National Security & Defense

Donald Trump’s Syria Policy Is Strategically Wise — and Thoroughly Unconstitutional

President Donald Trump signs the Iraq and Syria Genocide Relief and Accountability Act of 2018 in the Oval Office of the White House in Washington, D.C., December 11, 2018. (Jonathan Ernst/REUTERS)
Congress is required to weigh in.

On Friday, the Washington Post published a much-needed, comprehensive analysis of the American military campaign in Syria. Far removed from the headlines, American forces have now established the dominant military presence in one-third of Syria, and the Trump administration has now committed to keeping them there indefinitely, pending a satisfactory and stable peace agreement between the warring parties.

Make no mistake: This is a wise course, and it is to Trump’s credit that he backed away from previous pledges to leave Syria.

An American retreat would have been a serious error. We would have created a yawning power vacuum in northeastern Syria — one that the Assad regime, Russia, and Iran would have been eager to fill. We would have signaled to our allies that we are fickle and faithless, encouraging them to cut deals with our enemies. In other words, an American retreat would have led to a hostile advance — and we would have unlearned the harsh lessons of America’s reckless abandonment of Iraq in 2011.

Moreover, we are achieving significant strategic gains at a quite reasonable expense. According to the Post, American forces maintain the dominant military position in the region despite a deployment that numbers — depending on the month — roughly 4,000 soldiers. That represents a force slightly smaller than a single brigade combat team.

But there’s a problem — a serious problem. Trump’s wise policy is blatantly unconstitutional. He is engaged in the invasion and continued occupation of a hostile foreign state. Even under his administration’s quite expansive definition of its military powers, that’s an act of war that requires congressional consent.

To be clear, the sin is not Trump’s alone. The American military incursion into Syria began under Barack Obama, and it began without congressional approval. The military authorizations of 2001 and 2002 — authorizing the use of force against al Qaeda and its allies and Saddam’s regime in Iraq — plainly do not apply. Consider, for example, the language of the 2001 resolution:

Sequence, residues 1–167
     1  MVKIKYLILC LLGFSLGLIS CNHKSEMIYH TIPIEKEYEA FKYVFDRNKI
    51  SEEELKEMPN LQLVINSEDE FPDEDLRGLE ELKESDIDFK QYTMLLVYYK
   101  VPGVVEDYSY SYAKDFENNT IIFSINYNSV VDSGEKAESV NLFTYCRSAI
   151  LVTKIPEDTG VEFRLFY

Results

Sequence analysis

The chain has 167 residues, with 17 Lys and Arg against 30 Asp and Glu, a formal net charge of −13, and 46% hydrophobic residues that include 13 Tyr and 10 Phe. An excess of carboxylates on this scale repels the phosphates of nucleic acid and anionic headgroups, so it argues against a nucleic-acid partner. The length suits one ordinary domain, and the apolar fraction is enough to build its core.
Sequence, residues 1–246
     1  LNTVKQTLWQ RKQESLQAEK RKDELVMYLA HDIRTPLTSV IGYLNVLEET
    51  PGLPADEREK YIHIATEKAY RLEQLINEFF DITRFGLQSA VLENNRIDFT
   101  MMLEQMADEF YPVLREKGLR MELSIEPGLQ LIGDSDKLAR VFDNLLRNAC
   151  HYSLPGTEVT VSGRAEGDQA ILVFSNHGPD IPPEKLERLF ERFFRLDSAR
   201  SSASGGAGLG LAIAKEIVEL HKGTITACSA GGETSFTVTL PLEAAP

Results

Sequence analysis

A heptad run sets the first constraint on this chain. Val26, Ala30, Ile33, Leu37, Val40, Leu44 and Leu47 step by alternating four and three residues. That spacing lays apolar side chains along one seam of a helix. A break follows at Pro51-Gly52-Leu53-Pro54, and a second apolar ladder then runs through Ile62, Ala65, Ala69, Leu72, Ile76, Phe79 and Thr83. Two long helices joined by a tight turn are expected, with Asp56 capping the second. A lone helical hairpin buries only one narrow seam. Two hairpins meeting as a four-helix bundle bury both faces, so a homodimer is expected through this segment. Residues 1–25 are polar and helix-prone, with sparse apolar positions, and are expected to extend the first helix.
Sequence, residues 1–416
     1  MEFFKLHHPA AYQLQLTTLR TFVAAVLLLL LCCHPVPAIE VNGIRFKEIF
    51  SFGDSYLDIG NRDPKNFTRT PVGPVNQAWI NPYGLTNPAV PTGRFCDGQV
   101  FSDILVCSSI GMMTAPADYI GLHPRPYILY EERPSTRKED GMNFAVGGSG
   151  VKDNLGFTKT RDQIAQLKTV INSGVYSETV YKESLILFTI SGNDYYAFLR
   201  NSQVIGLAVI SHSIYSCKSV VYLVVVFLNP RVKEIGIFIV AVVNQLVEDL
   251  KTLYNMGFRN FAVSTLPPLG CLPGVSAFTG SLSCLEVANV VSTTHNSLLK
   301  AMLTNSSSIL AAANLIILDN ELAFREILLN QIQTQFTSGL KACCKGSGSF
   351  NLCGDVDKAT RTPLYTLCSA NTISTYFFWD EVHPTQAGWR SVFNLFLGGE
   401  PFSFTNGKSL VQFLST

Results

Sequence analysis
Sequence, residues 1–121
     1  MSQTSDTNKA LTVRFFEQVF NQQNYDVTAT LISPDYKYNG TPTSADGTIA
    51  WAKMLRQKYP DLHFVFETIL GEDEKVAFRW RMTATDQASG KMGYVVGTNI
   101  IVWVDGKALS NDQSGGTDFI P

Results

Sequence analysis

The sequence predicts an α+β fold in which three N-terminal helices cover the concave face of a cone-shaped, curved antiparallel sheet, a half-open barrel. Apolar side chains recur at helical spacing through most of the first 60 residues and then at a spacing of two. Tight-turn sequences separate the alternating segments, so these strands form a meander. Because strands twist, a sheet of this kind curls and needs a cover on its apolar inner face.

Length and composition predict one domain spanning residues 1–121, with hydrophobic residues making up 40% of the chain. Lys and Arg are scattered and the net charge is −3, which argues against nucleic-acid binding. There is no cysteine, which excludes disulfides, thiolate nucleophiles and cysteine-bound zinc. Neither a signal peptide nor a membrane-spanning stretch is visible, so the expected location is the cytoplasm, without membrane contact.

The President is authorized to use all necessary and appropriate force against those nations, organizations, or persons he determines planned, authorized, committed, or aided the terrorist attacks that occurred on September 11, 2001, or harbored such organizations or persons, in order to prevent any future acts of international terrorism against the United States by such nations, organizations or persons.

This is language clearly targeted at al Qaeda and the Taliban. It is not a catch-all provision designed to authorize force against any jihadist force, anywhere, for all time. It’s especially not intended to grant the authority to invade and occupy a substantial part of Syria to fight jihadists who are fighting al Qaeda.

So, if the existing authorizations don’t apply, can the president credibly argue that the invasion and occupation of Syria is empowered by his inherent Article II authority as commander in chief?

Not if he reads his own lawyers. Earlier this year — thanks in large part to the efforts of my friends at Protect Democracy, who filed suit to force the Trump administration to force disclosure of its legal justification for strikes against the Assad regime — the Trump administration released a comprehensive memorandum. While this memorandum doesn’t strictly apply to the campaign against ISIS, its language is still highly relevant.

Boiled down to its essence, the administration argues that some military actions constitute “war,” and some do not. Thus, there is a two-part analysis: